Spend Matters welcomes a guest post from Jay Merenda. Jay has over a decade of experience with sourcing, supplier management and P2P technology working at both providers and within the industry, giving him unique insight. He's dedicated his career to becoming an expert and thought leader in the space.
What is the true value of technology enabled business-to-business networks? Sure, e-invoicing, ePO, etc., are key elements for automating tactical P2P collaboration. In my opinion, this capability is now a commodity. I see a new business model emerging that will far exceed the value of transactional networks with a focus on strengthening business relationships.
Using the iPhone as an example (although I prefer Android!), you expect tools like email, a contact list, and a calendar. The manufacturer (Apple, Samsung, etc.) does not charge you extra to use these tools. These are the basics you expect with any phone you buy these days. But your phone has become a platform for what you really want, what you find value you in, what you enjoy, and essentially, what you are willing to pay for. You now have access to a world of apps that go far beyond the core capabilities of your phone.
You pay for premium content and apps from the Apple Store, Google Play, and Amazon Prime because they can improve your life and how you interact with the world around you. There are infinite possibilities in this realm, and the next "big thing" is always right around the corner. Most important, these apps improve relationships with your friends, family, colleagues, and service providers, plus you can even have a little fun along the way. Strengthening relationships and developing new ones is the real value proposition when you apply the model to business networks. Now, moving on from the iPhone...
The possibilities for a business network are infinite, if it is a truly open platform with no walls to any third parties wanting to build apps that leverage the platform's established B2B connectivity - one that allows them to innovate quickly and continue to expand the value proposition of the platform.
Let's look at what's available today and the possibilities for the future (the "apps," so to speak). Businesses will come to rely on and expect these things to strengthen their relationships. It will not be one-sided. Both sides of the coin will be at play, CRM and SRM:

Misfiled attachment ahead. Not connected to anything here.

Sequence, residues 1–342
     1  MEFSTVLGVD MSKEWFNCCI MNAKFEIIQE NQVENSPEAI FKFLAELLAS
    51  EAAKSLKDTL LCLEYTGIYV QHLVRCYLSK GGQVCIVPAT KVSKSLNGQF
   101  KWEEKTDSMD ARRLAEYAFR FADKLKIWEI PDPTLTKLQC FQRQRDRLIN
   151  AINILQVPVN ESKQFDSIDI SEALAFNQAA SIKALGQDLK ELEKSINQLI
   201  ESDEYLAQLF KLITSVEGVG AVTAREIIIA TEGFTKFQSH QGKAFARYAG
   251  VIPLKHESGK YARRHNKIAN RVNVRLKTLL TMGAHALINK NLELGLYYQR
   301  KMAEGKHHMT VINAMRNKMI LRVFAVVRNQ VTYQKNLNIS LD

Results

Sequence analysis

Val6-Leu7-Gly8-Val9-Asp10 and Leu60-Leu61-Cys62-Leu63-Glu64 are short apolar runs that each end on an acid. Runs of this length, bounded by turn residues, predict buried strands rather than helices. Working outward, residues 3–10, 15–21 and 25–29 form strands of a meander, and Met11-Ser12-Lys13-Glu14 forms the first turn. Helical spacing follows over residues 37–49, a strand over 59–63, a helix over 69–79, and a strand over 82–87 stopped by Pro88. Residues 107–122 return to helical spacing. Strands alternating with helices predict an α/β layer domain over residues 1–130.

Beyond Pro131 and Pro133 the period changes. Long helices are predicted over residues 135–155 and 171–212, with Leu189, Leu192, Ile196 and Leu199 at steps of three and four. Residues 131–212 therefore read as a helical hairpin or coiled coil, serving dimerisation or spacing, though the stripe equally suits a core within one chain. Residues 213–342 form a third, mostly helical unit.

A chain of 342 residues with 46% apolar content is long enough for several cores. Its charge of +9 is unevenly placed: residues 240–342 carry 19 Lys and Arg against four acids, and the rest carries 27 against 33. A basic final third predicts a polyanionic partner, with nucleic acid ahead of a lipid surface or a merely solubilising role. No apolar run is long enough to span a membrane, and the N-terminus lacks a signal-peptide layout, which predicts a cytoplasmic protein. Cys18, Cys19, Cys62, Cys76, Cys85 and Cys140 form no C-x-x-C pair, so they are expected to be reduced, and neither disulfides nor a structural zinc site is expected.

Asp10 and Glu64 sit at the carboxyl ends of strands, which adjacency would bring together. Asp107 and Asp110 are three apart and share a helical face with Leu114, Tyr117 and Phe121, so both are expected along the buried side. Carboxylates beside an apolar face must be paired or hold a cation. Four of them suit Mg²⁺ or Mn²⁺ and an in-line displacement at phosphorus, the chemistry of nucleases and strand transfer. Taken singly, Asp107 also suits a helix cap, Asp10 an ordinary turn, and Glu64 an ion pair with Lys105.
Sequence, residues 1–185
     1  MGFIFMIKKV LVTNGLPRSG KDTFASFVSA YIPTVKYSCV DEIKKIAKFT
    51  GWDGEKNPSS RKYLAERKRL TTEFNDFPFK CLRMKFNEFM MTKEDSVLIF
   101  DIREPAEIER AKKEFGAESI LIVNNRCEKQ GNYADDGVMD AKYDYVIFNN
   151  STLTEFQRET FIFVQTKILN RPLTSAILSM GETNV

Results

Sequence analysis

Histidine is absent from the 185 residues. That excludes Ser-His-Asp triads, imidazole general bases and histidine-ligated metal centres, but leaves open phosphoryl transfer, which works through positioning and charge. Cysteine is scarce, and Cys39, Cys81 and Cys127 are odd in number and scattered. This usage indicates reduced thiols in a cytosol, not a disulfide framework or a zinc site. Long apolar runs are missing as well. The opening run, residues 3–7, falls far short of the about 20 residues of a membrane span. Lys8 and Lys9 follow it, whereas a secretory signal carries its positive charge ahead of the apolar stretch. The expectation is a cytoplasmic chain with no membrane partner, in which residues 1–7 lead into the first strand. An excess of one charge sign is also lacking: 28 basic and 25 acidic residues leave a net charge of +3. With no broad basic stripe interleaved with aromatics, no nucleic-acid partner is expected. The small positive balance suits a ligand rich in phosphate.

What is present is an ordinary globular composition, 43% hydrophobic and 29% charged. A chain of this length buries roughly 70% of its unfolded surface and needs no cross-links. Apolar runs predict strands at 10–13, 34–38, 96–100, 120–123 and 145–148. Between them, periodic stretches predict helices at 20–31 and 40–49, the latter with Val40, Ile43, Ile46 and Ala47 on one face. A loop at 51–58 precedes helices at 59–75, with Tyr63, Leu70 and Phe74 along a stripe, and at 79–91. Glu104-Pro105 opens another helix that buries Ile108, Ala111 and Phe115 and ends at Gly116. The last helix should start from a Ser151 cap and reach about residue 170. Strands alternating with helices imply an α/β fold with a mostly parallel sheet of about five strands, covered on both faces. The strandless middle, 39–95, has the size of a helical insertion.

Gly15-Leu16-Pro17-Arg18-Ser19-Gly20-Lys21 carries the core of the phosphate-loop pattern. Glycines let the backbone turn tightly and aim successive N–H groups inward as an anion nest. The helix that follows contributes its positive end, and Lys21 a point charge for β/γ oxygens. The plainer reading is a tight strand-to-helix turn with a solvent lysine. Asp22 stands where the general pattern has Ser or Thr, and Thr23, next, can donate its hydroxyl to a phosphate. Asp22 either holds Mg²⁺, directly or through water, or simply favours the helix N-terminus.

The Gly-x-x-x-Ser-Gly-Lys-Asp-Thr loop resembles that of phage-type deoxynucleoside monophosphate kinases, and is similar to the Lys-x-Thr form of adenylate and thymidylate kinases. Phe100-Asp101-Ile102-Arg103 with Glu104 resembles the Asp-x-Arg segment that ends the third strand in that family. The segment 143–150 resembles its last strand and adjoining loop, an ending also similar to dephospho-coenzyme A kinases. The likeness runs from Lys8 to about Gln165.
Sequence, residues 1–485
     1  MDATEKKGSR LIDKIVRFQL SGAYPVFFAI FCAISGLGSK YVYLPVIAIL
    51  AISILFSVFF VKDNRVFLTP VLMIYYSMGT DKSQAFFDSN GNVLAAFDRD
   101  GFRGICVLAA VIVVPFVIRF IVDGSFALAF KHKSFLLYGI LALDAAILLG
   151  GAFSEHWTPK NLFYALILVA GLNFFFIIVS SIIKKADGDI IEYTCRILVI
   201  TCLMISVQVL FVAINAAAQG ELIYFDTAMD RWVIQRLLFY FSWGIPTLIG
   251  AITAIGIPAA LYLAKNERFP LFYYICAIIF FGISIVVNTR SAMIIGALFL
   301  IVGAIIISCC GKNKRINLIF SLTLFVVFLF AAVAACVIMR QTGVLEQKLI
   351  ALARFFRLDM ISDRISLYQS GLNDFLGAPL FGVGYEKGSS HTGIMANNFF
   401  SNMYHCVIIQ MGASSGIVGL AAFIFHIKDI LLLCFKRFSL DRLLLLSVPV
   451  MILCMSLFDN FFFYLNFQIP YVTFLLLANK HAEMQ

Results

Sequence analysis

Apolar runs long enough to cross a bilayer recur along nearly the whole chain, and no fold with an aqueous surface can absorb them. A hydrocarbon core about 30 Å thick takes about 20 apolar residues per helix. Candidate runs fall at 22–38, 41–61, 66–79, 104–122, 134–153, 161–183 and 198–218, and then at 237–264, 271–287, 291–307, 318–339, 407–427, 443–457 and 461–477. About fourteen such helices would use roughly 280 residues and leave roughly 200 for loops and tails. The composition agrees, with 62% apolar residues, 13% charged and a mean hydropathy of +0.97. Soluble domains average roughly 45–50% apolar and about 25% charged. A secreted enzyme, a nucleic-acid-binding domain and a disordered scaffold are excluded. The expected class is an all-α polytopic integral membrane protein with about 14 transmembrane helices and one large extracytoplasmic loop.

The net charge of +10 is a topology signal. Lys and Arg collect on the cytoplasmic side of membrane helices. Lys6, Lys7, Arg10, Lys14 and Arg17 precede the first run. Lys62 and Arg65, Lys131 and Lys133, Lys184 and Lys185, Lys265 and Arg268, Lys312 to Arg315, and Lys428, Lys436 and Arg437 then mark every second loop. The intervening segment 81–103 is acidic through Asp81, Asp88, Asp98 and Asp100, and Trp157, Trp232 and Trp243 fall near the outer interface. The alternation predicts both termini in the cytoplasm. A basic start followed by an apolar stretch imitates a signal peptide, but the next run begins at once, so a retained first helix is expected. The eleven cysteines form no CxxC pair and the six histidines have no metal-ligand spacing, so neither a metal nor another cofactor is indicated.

- Access to supply chain financing providers, ability to track compliance to payment terms, and the ability for suppliers to request early payment in exchange for providing a discount to their customer (dynamic discounting). As a buyer, you can hold onto cash or save money; you choose. As a supplier, you have flexibility to get paid faster should you need the cash or get paid in full if you can wait.
- Ability to manage and share a world of business information in a one-to-many environment. Post once, share with many. How did you share a picture of your kids in their Halloween costumes this year? Did you print it out and mail it to your friends and family or did you post it once to Facebook, and instantly share it with all?
The same goes for all the information you exchange in your business relationships. This alone will save you an enormous amount of time and resources in making the relationship more efficient while giving real time visibility to critical business information. Some examples:
- Ability to share risk assessments, audit results, certificates, certifications, and so on. This will speed up pre-qualification and speed to contract. Imagine a world where as a supplier, you are pre-qualified...instantly. Imagine as a buyer you can quickly ensure supplier compliance and know the potential risks of working with that supplier in real time.
- Company information, product listings, standard RFI information, points of contacts, etc. Want to get discovered by a new prospect? Need to source more through small, disadvantaged businesses? Looking for new supplier capabilities/innovation? Suppliers can increase their customer base. Buyers can access innovation and ensure compliance.
- Transactional data (Payment Address, EFT/ACH information, eCatalogs). The basics.
- Over time, more and more B2B "communities" will connect to the network to share industry specific content.
Stay tuned as we continue this analysis in the next post in this series.
- Jay Merenda